The Evolution of the Lottery

The drawing of lots to determine ownership or other rights is recorded in dozens of ancient documents, including the Bible. In the 1612 lottery established by King James I of England, the first permanent British settlement in America was funded. The lottery has been used since that time to raise money for towns, wars, colleges, and public-works projects. Many states now operate lotteries.

Most people know that the odds of winning a prize in the lottery are very long. They also know that their ticket purchases do not improve their odds of winning, but they buy tickets anyway. Why? Because there is value in the hope, however irrational and mathematically impossible it may be.

Lottery revenues typically expand dramatically at first, then level off or even decline. To maintain or increase revenues, state lotteries have introduced new games and techniques such as instant games (like scratch-off tickets) and merchandising partnerships with brands such as Coca-Cola and Harley-Davidson.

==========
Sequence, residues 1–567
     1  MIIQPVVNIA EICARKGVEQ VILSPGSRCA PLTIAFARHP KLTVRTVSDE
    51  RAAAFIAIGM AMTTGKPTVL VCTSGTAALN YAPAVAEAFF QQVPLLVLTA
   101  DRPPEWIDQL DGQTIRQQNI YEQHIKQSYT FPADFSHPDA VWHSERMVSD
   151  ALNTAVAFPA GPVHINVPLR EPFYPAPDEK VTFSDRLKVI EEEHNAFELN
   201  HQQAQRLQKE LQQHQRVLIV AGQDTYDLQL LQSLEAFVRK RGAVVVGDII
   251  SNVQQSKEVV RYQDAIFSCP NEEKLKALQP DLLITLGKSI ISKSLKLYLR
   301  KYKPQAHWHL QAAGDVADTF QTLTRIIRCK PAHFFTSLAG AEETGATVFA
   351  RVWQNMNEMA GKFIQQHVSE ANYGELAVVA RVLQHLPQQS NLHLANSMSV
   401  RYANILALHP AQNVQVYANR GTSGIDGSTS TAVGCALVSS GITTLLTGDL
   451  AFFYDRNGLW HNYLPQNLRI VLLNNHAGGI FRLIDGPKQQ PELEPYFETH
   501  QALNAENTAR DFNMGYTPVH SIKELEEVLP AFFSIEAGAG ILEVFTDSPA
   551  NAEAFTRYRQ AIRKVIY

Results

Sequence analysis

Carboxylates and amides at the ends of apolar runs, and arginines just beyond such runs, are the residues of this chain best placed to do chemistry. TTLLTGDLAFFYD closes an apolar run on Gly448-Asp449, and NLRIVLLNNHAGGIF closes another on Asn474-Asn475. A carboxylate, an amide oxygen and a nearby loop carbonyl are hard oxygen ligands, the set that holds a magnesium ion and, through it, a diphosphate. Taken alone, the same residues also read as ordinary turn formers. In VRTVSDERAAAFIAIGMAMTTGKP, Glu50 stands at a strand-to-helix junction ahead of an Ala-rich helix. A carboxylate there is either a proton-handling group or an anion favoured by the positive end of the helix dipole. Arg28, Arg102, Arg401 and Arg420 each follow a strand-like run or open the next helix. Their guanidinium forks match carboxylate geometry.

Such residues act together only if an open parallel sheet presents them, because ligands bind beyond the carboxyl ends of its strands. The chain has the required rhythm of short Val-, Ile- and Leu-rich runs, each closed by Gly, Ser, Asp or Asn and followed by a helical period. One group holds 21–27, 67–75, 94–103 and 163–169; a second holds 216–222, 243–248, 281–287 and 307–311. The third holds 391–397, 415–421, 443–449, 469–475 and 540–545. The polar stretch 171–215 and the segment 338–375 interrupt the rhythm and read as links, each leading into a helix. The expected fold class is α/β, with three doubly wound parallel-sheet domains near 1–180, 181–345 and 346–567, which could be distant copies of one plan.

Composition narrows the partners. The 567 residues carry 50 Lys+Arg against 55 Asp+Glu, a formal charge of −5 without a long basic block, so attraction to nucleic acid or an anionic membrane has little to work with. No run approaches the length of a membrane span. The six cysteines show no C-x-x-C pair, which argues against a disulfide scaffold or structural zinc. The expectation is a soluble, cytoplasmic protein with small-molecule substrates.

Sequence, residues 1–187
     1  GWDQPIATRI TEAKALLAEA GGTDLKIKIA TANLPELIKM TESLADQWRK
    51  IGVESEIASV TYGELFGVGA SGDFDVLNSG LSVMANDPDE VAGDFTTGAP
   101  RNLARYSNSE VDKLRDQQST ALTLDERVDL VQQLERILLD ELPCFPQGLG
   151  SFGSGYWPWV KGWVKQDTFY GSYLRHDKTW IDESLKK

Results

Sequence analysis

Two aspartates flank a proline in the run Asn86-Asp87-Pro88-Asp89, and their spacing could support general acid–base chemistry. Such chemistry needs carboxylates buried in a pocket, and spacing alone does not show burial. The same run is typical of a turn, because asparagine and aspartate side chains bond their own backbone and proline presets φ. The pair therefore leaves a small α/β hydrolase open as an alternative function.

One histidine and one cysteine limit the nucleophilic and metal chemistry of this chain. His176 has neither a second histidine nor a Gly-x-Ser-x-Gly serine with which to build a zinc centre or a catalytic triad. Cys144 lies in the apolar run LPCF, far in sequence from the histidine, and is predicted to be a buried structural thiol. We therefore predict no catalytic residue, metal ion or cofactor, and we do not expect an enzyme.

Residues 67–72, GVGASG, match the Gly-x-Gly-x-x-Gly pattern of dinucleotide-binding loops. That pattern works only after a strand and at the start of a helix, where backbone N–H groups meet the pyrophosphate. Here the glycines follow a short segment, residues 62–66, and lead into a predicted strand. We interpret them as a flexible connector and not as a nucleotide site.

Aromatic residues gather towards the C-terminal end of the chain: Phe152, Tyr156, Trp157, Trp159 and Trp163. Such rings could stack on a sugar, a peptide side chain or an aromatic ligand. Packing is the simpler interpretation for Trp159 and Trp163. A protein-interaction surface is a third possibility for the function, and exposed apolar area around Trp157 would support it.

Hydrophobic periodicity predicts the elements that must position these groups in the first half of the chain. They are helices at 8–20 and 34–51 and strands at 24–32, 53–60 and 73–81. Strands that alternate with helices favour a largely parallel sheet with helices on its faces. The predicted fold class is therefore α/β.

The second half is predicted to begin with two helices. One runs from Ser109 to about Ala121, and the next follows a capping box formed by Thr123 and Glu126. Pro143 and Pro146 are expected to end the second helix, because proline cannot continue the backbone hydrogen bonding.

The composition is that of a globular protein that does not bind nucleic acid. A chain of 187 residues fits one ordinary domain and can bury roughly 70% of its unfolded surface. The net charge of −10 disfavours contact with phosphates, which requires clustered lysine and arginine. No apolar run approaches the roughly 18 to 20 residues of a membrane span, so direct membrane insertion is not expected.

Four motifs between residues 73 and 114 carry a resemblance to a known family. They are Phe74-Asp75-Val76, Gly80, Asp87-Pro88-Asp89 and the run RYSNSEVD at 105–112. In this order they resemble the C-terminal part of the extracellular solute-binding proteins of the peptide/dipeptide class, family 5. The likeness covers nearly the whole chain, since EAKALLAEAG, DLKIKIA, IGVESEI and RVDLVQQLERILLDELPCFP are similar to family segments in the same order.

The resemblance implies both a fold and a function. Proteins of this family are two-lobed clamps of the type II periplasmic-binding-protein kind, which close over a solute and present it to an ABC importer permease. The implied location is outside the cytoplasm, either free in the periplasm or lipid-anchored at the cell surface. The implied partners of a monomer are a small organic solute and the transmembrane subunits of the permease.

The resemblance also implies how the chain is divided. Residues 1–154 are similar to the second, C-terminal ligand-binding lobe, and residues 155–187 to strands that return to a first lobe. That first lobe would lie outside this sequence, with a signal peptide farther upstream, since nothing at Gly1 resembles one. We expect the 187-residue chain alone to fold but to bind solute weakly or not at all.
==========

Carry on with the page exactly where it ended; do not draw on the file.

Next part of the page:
The result is that state lotteries have become highly specialized, with extensive and loyal specific constituencies such as convenience store operators; lottery suppliers (heavy contributions to state political campaigns are frequently reported); teachers (in states where the proceeds from lotteries are earmarked for education); state legislators (who quickly grow accustomed to the extra revenue); and players (who themselves become devoted to the games). The state governments operating lotteries have granted themselves monopoly status, preventing private competition. Consequently, a lottery is a classic case of a piecemeal public policy that evolves independently of the state’s overall fiscal health.